|Intro||Professor and wearable computing researcher|
|Is||Inventor Professor Educator Computer scientist Engineer Writer|
|Type||Academia Business Engineering Literature Science Technology|
|Birth||1962, Hamilton, Canada|
William Stephen George Mann (born 1962) is a Canadian engineer, professor, and inventor known for his work in augmented reality, computational photography, particularly wearable computing, and high dynamic range imaging. He also founded InteraXon, makers of the Muse and Muse2 brain-sensing headband, and is also a founding member of the IEEE Council on Extended Intelligence (CXI). Mann was born in Canada, and currently lives in Stanford/Palo Alto, California, with his wife and two children.
Early life and education
Mann holds a PhD in Media Arts and Sciences (1997) from the Massachusetts Institute of Technology and a B.Sc., B.Eng. and M.Eng. from McMaster University in 1987, 1989 and 1992, respectively. He was also inducted into the McMaster University Alumni Hall of Fame, Alumni Gallery 2004, in recognition of his career as an inventor and teacher. While at MIT, in then Director Nicholas Negroponte's words, "Steve Mann … brought the seed" that founded the Wearable Computing group in the Media Lab and "Steve Mann is the perfect example of someone … who persisted in his vision and ended up founding a new discipline." In 2004 he was named the recipient of the 2004 Leonardo Award for Excellence for his article "Existential Technology," published in Leonardo 36:1. He is also General Chair of the IEEE International Symposium on Technology and Society, Associate Editor of IEEE Technology and Society, is a licensed Professional Engineer, and Senior Member of the IEEE, as well as a member of the IEEE Council on Extended Intelligence (CXI).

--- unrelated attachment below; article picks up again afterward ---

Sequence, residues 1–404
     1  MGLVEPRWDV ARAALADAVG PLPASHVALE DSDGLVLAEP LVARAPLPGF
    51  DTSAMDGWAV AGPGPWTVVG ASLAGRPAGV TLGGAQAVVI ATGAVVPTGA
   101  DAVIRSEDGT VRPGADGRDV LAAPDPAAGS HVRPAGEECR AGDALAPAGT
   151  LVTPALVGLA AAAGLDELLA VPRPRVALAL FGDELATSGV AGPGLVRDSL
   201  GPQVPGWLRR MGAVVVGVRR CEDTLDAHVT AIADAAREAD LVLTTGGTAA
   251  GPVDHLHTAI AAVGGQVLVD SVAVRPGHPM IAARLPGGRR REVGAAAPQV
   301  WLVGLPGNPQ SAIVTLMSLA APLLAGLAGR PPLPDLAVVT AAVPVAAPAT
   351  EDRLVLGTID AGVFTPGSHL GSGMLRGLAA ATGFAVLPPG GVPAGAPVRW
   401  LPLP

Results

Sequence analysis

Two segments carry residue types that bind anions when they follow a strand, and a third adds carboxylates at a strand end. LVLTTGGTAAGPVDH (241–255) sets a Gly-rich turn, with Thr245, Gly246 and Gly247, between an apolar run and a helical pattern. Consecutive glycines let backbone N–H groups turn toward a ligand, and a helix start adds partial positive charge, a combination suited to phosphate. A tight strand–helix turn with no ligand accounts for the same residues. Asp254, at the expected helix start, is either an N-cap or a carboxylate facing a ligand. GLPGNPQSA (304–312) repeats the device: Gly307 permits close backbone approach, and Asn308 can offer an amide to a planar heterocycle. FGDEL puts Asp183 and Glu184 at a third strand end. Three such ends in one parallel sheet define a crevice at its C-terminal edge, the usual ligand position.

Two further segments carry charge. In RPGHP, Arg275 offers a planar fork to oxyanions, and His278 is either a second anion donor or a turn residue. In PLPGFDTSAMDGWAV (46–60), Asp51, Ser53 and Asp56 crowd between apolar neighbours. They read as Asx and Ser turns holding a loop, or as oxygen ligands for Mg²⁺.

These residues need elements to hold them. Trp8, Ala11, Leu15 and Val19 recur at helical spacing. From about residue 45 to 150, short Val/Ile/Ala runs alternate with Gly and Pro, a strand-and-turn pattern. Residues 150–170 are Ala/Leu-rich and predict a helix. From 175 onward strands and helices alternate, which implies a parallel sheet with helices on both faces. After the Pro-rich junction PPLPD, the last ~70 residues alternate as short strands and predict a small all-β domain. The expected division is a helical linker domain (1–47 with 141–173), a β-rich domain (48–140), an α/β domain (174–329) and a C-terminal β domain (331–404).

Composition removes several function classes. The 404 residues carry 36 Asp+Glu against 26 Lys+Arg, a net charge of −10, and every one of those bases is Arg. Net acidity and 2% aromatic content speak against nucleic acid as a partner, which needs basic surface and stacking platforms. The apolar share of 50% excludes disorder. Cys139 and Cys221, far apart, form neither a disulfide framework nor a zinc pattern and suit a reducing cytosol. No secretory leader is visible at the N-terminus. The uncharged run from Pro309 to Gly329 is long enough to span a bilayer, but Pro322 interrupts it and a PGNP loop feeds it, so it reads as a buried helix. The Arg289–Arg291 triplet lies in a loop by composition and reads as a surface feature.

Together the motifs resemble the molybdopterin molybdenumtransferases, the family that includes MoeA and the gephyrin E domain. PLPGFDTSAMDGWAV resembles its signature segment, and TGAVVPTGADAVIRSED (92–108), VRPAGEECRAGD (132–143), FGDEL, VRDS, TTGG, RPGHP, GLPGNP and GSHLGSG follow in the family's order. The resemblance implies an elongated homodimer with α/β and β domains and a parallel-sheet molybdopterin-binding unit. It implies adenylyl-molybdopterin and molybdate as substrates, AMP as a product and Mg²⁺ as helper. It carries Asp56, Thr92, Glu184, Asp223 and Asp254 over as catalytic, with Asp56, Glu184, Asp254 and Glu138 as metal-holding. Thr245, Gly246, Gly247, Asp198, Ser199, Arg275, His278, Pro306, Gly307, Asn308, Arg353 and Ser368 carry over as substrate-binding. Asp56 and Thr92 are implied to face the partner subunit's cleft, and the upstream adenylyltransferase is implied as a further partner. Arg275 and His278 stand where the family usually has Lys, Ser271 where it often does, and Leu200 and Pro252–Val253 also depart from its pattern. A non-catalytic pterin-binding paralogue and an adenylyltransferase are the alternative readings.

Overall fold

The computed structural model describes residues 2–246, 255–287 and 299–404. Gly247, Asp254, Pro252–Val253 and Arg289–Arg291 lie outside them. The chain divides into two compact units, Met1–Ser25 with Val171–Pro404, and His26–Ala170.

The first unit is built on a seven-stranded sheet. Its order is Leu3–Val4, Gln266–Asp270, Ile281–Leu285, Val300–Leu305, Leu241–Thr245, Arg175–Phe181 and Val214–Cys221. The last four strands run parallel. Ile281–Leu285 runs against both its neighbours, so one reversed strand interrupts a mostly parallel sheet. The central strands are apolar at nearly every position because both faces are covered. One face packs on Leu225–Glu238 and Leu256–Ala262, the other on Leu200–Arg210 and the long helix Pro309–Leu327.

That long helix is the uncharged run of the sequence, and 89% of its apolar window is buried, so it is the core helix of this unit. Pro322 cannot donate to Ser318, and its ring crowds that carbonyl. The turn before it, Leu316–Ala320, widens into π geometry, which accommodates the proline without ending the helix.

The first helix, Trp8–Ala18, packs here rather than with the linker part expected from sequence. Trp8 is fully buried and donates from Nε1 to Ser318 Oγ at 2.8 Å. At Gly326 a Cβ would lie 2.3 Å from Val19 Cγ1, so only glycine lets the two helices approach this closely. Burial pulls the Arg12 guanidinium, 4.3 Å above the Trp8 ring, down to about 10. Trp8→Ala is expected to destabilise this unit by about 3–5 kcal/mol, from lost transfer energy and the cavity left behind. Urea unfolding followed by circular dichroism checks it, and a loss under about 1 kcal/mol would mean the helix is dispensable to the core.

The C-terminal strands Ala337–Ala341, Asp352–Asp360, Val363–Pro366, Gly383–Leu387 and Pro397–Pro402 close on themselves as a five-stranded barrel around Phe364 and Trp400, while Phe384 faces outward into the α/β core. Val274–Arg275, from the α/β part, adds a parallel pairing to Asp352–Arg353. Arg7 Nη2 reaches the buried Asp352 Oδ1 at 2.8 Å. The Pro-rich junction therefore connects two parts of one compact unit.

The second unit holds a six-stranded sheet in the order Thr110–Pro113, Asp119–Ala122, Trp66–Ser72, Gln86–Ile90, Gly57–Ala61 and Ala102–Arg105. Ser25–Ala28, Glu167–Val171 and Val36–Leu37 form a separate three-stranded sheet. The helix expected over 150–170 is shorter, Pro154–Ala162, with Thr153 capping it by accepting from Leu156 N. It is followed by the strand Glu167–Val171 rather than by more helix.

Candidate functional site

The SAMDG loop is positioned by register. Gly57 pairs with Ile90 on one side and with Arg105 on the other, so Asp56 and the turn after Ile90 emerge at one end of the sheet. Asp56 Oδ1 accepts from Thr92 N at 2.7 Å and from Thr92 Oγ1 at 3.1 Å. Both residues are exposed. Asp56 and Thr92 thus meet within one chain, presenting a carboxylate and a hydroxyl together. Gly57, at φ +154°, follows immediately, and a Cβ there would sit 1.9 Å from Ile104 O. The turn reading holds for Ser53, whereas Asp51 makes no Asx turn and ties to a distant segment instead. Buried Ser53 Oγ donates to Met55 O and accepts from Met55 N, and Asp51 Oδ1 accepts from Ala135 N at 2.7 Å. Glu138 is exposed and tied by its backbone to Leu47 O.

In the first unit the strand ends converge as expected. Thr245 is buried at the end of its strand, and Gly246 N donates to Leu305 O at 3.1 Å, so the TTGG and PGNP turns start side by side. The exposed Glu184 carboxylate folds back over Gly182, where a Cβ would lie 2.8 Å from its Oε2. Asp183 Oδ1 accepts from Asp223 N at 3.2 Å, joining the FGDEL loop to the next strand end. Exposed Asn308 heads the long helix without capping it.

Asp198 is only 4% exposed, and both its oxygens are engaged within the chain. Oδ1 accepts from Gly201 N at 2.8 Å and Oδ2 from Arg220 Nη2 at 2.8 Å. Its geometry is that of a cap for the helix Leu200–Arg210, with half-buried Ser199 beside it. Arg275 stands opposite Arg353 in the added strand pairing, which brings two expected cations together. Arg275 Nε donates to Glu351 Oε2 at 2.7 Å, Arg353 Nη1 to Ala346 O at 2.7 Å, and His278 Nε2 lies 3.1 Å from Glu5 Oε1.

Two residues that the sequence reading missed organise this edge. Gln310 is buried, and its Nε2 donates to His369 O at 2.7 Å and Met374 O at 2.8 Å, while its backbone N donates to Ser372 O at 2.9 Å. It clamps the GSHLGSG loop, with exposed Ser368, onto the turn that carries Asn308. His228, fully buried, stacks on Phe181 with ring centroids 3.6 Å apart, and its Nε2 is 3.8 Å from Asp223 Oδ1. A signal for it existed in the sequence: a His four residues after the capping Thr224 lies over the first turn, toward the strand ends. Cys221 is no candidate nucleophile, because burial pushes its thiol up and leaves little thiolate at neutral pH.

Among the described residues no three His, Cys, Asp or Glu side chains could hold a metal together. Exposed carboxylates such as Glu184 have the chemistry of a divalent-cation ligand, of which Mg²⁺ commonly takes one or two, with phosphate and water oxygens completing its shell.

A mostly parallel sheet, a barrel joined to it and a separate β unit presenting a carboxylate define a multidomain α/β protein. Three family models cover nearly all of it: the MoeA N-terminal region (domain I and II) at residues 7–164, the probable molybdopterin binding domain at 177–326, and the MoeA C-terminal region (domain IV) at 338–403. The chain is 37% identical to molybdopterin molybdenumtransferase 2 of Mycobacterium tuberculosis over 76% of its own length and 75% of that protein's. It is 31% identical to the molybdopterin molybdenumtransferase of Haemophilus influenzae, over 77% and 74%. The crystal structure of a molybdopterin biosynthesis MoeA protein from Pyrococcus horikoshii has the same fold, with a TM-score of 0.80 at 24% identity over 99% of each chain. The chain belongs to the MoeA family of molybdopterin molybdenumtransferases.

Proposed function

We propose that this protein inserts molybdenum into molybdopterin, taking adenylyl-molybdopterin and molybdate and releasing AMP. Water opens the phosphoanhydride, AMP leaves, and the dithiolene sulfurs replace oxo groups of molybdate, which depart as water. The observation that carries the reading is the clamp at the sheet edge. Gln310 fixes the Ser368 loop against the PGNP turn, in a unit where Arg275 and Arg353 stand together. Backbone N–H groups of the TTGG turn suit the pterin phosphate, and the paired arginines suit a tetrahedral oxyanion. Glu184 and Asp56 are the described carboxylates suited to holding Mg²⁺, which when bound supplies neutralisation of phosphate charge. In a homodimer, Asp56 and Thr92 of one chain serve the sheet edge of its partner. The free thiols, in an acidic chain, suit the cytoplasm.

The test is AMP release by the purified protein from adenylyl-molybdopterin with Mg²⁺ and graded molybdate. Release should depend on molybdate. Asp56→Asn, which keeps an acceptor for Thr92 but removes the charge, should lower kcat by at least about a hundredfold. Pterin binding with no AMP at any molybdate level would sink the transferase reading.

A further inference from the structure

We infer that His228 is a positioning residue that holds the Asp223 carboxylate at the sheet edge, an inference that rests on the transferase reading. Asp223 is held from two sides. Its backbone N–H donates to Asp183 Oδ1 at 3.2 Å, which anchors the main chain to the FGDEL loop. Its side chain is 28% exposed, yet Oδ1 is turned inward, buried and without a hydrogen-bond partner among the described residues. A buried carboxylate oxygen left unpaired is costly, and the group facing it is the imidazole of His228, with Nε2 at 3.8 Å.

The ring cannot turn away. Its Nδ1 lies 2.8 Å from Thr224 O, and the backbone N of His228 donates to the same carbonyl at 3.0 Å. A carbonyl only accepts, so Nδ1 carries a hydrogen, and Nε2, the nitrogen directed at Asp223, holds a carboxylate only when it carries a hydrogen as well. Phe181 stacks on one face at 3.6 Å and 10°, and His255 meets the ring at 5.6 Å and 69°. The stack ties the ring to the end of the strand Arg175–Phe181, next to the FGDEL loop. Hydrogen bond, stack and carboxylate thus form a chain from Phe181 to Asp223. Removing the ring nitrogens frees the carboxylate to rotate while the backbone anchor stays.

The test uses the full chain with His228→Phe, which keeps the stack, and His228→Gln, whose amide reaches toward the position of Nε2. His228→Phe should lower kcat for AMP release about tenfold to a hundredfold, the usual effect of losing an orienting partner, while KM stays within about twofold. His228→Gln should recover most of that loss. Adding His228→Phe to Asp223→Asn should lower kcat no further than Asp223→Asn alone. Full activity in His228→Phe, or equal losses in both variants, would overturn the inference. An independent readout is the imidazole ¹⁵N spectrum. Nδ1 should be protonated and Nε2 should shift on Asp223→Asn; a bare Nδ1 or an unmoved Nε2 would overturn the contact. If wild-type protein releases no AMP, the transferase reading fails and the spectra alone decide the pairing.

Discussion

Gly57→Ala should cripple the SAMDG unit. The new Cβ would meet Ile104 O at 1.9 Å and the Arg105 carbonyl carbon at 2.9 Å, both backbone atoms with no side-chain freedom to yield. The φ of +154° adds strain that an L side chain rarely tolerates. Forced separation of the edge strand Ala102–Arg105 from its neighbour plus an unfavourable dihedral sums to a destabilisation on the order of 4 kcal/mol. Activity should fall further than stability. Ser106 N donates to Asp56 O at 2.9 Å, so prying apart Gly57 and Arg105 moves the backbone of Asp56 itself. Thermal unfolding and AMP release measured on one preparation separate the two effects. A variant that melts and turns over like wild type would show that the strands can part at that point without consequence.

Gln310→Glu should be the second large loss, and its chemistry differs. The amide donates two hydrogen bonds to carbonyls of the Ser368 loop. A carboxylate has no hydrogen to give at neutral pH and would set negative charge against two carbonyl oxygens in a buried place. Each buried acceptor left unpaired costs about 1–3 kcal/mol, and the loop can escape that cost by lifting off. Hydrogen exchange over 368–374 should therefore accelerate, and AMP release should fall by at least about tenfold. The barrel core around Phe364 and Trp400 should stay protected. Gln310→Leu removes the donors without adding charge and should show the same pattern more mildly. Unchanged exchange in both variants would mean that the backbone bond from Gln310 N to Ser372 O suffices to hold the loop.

Mann is a tenured full professor at the Department of Electrical and Computer Engineering, with cross-appointments to the Faculty of Arts and Sciences and Faculty of Forestry at the University of Toronto, and is a Professional Engineer licensed through Professional Engineers Ontario.
Ideas and inventions